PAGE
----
The recent US tax reform, rather hurriedly finalised at the end of last year, made some very significant changes to the tax treatment of various private equity activities. These changes included new restrictions on the tax deductibility of portfolio company interest expense, and an ill-defined withholding tax on certain sales by non-US investors of interests in partnerships that are engaged in a US trade or business (which has disrupted a certain amount of deal activity in the secondary market). But perhaps the most headline-grabbing change was to the tax treatment of carried interest. However, in this respect, the US followed a global trend: the tax reform confirms the existing tax treatment of carried interest, providing that it meets certain criteria.
During the Presidential election campaign in 2016, both Donald Trump and Hillary Clinton said they would reform carried interest (at least, in the case of Donald Trump, for hedge funds) and, under the Obama administration, various proposals were introduced to treat carried interest as ordinary income (rather than capital gain, which is eligible – in the case of long-term capital gain realised by US individuals – for a reduced US tax rate). In the end, the reform acknowledged that carried interest should be re-characterised as short-term capital gain income (taxed at ordinary income rates) only if the underlying portfolio investment is held for three years or less; a recognition, perhaps, that long-term carried interest creates alignment between investors and fund managers, and it is more closely related to founder equity than to annual salary and performance-related bonus.
This is a strikingly similar position to that adopted in the UK in 2016, although there is a crucial difference. In the UK, carried interest that relates to a fund whose average holding period is less than three years is all subject to income tax, while any carry in a fund whose average holding period is at least 40 months is subject to a (lower) tax rate of 28% (although it could be higher, depending on the source of the underlying proceeds used to make the payment). (There are provisions in the UK law to deal with average holding periods between 36 and 40 months, to avoid cliff-edge scenarios.) No similar rules are included in the US reform, where the average holding period of the fund is not relevant and each deal is treated separately.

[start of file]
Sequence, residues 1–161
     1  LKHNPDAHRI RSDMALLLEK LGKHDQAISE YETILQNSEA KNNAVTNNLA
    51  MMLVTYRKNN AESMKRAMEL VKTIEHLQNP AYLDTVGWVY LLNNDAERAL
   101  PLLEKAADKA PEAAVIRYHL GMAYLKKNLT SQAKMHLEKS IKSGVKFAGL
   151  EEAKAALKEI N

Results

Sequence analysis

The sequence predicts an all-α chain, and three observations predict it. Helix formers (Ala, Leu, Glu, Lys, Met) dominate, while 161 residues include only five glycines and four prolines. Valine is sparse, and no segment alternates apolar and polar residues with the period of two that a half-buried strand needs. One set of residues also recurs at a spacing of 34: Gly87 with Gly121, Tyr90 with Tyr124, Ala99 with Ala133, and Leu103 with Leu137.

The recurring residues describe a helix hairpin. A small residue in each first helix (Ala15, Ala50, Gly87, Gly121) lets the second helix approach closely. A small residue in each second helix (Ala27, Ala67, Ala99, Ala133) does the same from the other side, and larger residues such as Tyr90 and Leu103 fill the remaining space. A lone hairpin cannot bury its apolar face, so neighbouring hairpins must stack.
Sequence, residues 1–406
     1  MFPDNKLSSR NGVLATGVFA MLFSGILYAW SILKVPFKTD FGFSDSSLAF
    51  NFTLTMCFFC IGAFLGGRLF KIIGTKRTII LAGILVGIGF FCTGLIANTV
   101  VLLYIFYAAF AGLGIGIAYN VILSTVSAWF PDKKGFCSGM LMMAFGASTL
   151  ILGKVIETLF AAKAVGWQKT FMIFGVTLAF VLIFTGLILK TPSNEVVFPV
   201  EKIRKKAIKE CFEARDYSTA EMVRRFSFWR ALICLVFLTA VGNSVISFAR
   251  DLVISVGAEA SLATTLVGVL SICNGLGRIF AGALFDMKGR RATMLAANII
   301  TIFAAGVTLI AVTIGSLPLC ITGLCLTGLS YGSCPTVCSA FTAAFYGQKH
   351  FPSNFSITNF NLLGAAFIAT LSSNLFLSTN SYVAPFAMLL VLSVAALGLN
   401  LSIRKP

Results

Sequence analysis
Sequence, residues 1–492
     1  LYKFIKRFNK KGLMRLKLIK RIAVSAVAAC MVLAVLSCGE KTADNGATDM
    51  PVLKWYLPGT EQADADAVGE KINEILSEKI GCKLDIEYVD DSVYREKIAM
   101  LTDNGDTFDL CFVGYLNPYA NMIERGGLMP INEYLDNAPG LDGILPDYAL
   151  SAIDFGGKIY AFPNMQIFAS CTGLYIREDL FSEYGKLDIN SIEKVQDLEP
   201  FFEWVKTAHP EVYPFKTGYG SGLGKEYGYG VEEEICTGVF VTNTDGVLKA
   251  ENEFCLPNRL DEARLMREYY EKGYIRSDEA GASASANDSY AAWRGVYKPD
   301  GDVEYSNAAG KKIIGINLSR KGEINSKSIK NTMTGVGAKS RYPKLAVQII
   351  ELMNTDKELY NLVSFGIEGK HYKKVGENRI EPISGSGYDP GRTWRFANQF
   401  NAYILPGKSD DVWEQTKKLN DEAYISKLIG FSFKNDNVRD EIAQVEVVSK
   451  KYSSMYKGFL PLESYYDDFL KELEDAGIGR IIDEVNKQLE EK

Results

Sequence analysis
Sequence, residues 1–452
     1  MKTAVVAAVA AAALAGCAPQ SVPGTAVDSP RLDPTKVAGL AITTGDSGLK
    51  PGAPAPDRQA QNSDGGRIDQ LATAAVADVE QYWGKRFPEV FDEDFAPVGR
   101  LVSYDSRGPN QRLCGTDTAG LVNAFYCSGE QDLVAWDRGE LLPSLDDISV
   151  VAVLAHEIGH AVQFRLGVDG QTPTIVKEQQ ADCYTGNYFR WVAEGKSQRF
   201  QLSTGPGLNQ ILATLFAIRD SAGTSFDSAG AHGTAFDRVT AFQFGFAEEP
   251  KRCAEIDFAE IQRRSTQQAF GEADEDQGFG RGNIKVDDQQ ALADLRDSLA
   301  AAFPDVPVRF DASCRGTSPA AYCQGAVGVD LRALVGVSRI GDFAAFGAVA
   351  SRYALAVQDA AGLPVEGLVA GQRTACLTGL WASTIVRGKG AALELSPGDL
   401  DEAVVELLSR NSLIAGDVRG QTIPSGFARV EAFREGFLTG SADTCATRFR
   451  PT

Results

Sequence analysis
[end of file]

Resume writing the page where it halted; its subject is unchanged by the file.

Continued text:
Partly as a result of this differing approach, the US does not have a myriad of complex rules to identify when a particular carried interest qualifies for long-term capital gains tax rates and when it does not (although, admittedly, the US legislation is very recent). The UK tax authority – after extensive discussions with the industry – laid out a series of “safe harbours” for certain types of funds, with special rules applying for follow-on investments and early realisations from funds. To some extent, of course, it is logical that the US rules treat each realisation separately, because of the widespread use of “deal-by-deal” carried interest – and because US tax rules mean that each realisation is generally a taxable event, even if carried interest does not arise at that time.
However, the difference in the holding period requirement to access long-term capital gain treatment (more than three years for carried interest holders, but one year for investors) may exacerbate conflicts between investors and managers – a question widely discussed when the UK changes were being developed – because carried interest holders will be subject to income tax at the higher ordinary income tax rate on early realisations, even if they would be in the investors’ interests. In the US, that is true even if the average holding period of the fund as a whole exceeds the three-year minimum.
Notwithstanding this important difference, in general terms the UK and the US positions are similar to the view taken in many other jurisdictions, which have recognised that the particular characteristics of private equity carried interest mean that it is too simplistic to regard it as salary, and doing so could have some unintended and perverse effects. On the other hand, policy-makers recognise that encouraging longer-term investments can promote wider policy objectives.